Expression and functional analysis of Apaf-1 isoforms - Extra WD-40 repeat is required for cytochrome c binding and regulated activation of procaspase-9

University of Michigan, Ann Arbor, Michigan, United States
Journal of Biological Chemistry (Impact Factor: 4.6). 04/2000; 275(12):8461-8. DOI: 10.1074/jbc.275.12.8461
Source: PubMed

ABSTRACT Apaf-1 is an important apoptotic signaling molecule that can activate procaspase-9 in a cytochrome c/dATP-dependent fashion. Alternative splicing can create an NH(2)-terminal 11-amino acid insert between the caspase recruitment domain and ATPase domains or an additional COOH-terminal WD-40 repeat. Recently, several Apaf-1 isoforms have been identified in tumor cell lines, but their expression in tissues and ability to activate procaspase-9 remain poorly characterized. We performed analysis of normal tissue mRNAs to examine the relative expression of the Apaf-1 forms and identified Apaf-1XL, containing both the NH(2)-terminal and COOH-terminal inserts, as the major RNA form expressed in all tissues tested. We also identified another expressed isoform, Apaf-1LN, containing the NH(2)-terminal insert, but lacking the additional WD-40 repeat. Functional analysis of all identified Apaf-1 isoforms demonstrated that only those with the additional WD-40 repeat activated procaspase 9 in vitro in response to cytochrome c and dATP, while the NH(2)-terminal insert was not required for this activity. Consistent with this result, in vitro binding assays demonstrated that the additional WD-40 repeat was also required for binding of cytochrome c, subsequent Apaf-1 self-association, binding to procaspase-9, and formation of active Apaf-1 oligomers. These experiments demonstrate the expression of multiple Apaf-1 isoforms and show that only those containing the additional WD-40 repeat bind and activate procaspase-9 in response to cytochrome c and dATP.

  • Source
    [Show abstract] [Hide abstract]
    ABSTRACT: Alternative RNA structures (ARSs), or alternative transcript isoforms, are critical for regulating cellular phenotypes in humans. In addition to generating functionally diverse protein isoforms from a single gene, ARS can alter the sequence contents of 5'/3' untranslated regions (UTRs) and intronic regions, thus also affecting the regulatory effects of these regions. ARS may introduce premature stop codon(s) into a transcript, and render the transcript susceptible to nonsense-mediated decay, which in turn can influence the overall gene expression level. Meanwhile, ARS can regulate the presence/absence of upstream open reading frames and microRNA targeting sites in 5'UTRs and 3'UTRs, respectively, thus affecting translational efficiencies and protein expression levels. Furthermore, since ARS may alter exon-intron structures, it can influence the biogenesis of intronic microRNAs and indirectly affect the expression of the target genes of these microRNAs. The connections between ARS and multiple regulatory mechanisms underline the importance of ARS in determining cell fate. Accumulating evidence indicates that ARS-coupled regulations play important roles in tumorigenesis. Here I will review our current knowledge in this field, and discuss potential future directions.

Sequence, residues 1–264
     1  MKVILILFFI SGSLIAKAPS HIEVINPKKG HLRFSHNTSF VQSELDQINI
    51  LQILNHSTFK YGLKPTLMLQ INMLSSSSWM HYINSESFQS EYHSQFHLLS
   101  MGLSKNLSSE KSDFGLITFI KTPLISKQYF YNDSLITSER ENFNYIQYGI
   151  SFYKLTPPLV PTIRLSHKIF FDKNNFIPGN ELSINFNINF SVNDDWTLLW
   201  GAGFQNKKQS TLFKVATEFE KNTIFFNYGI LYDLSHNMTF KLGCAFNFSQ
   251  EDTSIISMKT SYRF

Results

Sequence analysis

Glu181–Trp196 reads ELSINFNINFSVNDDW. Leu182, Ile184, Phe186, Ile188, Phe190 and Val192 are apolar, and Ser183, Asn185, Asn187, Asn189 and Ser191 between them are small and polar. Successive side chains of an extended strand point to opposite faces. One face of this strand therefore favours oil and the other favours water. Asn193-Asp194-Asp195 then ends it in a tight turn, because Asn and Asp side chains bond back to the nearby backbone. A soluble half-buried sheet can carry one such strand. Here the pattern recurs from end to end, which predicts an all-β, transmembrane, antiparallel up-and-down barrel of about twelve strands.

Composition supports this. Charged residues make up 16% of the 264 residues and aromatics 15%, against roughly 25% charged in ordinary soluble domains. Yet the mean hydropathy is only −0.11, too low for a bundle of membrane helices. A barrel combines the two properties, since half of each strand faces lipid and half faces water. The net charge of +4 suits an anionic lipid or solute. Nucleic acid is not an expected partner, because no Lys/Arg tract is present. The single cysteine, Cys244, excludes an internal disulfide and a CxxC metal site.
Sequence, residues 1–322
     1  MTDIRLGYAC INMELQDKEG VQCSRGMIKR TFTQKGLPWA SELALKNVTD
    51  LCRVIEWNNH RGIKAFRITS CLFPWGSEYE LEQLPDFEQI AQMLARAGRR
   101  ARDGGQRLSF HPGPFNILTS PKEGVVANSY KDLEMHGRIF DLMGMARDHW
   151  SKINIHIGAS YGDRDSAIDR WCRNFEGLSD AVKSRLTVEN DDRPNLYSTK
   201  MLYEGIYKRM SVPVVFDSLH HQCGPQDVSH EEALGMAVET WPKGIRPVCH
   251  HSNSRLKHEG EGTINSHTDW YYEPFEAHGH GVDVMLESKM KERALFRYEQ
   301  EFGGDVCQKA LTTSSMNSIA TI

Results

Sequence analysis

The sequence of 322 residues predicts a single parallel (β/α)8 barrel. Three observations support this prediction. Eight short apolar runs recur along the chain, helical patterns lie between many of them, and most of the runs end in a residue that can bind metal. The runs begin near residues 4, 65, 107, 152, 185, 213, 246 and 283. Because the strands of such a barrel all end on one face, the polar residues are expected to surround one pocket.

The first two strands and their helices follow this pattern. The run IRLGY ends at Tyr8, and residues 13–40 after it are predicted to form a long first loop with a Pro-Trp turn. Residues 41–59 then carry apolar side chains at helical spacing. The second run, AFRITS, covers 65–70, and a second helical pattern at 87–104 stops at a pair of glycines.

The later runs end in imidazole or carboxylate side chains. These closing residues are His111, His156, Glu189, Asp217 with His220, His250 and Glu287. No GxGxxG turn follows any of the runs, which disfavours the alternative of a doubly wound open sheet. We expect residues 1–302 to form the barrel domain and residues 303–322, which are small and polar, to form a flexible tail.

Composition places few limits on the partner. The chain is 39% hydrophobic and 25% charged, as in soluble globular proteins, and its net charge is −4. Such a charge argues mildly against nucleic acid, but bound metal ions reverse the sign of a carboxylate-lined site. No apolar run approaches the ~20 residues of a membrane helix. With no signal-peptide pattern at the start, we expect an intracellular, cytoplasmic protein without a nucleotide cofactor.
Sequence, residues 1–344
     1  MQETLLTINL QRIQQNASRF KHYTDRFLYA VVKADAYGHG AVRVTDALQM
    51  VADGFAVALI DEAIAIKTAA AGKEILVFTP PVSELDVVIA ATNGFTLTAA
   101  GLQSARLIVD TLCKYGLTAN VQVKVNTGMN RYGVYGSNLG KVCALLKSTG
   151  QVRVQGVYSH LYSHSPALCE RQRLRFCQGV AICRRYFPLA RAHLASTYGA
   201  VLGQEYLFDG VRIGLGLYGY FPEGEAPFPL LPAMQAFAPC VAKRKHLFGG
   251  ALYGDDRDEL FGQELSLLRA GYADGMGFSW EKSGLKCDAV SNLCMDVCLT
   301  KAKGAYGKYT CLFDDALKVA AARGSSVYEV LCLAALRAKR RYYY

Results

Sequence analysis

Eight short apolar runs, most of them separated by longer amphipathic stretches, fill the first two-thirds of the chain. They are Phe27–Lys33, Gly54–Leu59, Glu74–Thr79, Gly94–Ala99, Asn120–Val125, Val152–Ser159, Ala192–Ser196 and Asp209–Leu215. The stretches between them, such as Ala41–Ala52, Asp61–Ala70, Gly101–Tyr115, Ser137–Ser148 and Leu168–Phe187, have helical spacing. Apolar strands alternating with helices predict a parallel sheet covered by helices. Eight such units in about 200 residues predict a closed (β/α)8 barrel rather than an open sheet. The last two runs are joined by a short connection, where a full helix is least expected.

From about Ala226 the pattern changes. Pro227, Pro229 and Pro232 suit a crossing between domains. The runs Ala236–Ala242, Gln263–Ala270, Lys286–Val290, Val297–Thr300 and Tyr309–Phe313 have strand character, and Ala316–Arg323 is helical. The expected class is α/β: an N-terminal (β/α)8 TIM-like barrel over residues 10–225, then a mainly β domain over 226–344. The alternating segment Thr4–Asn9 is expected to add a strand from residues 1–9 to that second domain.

International Journal of Molecular Sciences 01/2014; 16(1):452-475. DOI:10.3390/ijms16010452 · 2.46 Impact Factor
  • Source
    [Show abstract] [Hide abstract]